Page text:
Even though the incident happened decades ago, it appears that antisemitism returned to society, which affected Jewish people.
For instance, the public lambasted Ye, better known as Kanye West, when he made antisemitic comments. While this went on, many Americans denounced former president Donald Trump for meeting with a Holocaust denier. In addition, officials indicate that additional crimes have been perpetrated over time against Jewish residents.
For instance, according to the Anti-Defamation League, incidents of anti-Jewish harassment, assault, and vandalism in 2021 were at their highest level ever. In 1979, the group began keeping track of these incidents. And they predict the year 2022 will conclude similarly to the previous one.
The ADL also stated that, over time, people had occasionally carried out these horrible deeds. As an illustration, a shooter in Pittsburgh’s Tree of Life synagogue in 2018 killed 11 Jewish congregants.
Two years ago, some anti-Jewish protests, similar to those in Charlottesville, Virginia, when the participants destroyed Jewish community centers and schools and circulated anti-Semitic leaflets.
“Two young Orthodox boys played in their yard in California and were shot with red paintballs. And we saw pictures of them. And I mean, it was heartbreaking. Absolutely heartbreaking,” said Emily Snyder from the ADL.
“Jews center in a lot of conspiracy theories, especially around economy or power or greed or whatever. Those are core antisemitic tropes. So when we start to see unrest, we tend to see antisemitic incidents climb,” she added.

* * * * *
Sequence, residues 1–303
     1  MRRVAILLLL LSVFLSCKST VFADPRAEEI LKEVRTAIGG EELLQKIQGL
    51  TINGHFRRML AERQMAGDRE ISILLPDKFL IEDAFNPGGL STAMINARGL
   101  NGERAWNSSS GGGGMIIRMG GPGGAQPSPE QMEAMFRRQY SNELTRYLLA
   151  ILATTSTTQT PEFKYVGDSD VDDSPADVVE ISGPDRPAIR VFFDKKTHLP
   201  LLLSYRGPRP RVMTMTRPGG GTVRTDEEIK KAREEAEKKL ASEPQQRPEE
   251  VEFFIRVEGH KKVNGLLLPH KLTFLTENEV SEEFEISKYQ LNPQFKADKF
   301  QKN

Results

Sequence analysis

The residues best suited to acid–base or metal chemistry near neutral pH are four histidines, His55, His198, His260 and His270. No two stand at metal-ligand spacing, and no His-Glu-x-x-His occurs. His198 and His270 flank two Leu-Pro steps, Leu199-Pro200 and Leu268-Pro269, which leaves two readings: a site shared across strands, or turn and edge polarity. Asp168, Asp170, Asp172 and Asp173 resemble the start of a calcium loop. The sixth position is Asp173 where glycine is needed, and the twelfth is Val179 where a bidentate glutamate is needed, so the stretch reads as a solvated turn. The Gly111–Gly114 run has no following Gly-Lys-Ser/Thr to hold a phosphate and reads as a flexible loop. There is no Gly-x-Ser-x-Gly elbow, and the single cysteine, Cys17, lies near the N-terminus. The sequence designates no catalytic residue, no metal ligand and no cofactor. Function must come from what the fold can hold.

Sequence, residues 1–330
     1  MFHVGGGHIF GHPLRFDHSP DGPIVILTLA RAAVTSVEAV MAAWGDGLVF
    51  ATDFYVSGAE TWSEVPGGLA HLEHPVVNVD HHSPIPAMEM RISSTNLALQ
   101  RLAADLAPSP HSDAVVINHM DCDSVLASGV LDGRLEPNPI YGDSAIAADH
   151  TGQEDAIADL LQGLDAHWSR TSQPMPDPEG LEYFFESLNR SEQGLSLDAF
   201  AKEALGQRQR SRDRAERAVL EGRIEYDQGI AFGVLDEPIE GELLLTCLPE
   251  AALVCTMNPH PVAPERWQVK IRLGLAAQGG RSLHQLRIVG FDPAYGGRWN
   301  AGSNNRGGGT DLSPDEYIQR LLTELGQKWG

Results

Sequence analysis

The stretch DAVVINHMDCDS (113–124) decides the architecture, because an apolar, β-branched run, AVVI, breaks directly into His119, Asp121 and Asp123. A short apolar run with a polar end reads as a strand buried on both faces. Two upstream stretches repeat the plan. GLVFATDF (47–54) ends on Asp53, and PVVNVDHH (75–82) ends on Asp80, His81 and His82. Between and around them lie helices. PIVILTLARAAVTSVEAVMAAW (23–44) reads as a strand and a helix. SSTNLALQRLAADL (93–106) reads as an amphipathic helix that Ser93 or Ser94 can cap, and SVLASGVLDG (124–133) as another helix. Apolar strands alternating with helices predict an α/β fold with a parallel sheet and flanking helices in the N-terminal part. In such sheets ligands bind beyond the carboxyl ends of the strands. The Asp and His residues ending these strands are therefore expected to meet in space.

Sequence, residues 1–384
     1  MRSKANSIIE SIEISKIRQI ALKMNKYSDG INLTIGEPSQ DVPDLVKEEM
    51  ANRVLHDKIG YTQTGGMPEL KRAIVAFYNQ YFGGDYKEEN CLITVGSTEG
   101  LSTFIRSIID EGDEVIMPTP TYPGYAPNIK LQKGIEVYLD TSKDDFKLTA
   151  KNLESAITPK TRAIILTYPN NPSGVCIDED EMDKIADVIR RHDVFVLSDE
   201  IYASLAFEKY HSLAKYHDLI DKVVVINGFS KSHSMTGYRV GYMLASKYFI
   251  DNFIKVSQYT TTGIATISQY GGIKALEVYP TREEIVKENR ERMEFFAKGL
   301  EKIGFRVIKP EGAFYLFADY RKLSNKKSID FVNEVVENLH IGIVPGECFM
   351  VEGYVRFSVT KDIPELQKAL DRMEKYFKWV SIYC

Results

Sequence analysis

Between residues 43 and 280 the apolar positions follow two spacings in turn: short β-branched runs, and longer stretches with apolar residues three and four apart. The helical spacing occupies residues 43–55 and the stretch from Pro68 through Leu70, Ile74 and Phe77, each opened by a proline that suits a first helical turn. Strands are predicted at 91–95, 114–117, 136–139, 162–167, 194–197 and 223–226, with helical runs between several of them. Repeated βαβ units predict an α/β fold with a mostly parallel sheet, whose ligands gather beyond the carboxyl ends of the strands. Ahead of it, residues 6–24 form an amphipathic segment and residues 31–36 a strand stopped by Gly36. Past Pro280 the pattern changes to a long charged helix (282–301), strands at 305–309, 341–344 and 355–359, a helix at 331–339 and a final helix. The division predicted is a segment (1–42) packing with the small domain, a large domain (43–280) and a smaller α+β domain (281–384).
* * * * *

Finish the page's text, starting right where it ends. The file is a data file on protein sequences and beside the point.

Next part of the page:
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Antisemitism within US politics
Snyder alleged that several politicians had likewise engaged in antisemitic behavior. They can even be apparent in some cases. As an illustration, Ye, who people called out for his anti-Semitic remarks, met with Trump. Along with the Holocaust denier, the previous leader met with him. Because of this, Snyder concluded that antisemitism will become a huge issue in American politics.
“That’s old-school, classic modern antisemitism coming from the 1870s and eighties and nineties into the 20th century,” Jewish Studies professor Joshua Shanes said.
“There’s rhetoric that’s accepted today that simply never would have possibly been accepted a generation ago, not since the 1930s. People call it [political correctness], but there’s a benefit to saying it is unacceptable to be openly racist, to be openly antisemitic. And if you are, you will not win political office. But that has gone away.”
“And I used to show it to my students. I’d say, okay, let’s dissect it. What antisemitic myths do you see here? Let’s find them all. I don’t do it anymore because I’m concerned they’ll be persuaded by it,” he added.
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An afflicted Jewish community
Recent incidents shook Jewish communities, with well-known and influential persons aiding and abetting antisemitic perpetrators. Because of this, experts and educators worry that anti-Jewish prejudice may grow. Deborah Lipstadt, a US special envoy, entrusted with combating antisemitism, expressed her concern that the tendency may mainstream violence and harassment aimed at Jews.
“It’s both physical dangers — we just commemorated the anniversary of the Tree of Life synagogue [shooting], where people were murdered just for going to synagogue,” she said.
“It’s also little kids learning that instead of [being Jewish] being a source of joy, it’s something that can bring you bodily harm.”
“There have always been threats, and there’s always been antisemitism. But it feels like an epidemic right now. And the spread of hate and lies is just happening at lightning speed, and Kanye opened the floodgates a couple of weeks ago with his comments,” added Beth Kean, Holocaust Museum LA CEO.
Photo Credit: Jeenah Moon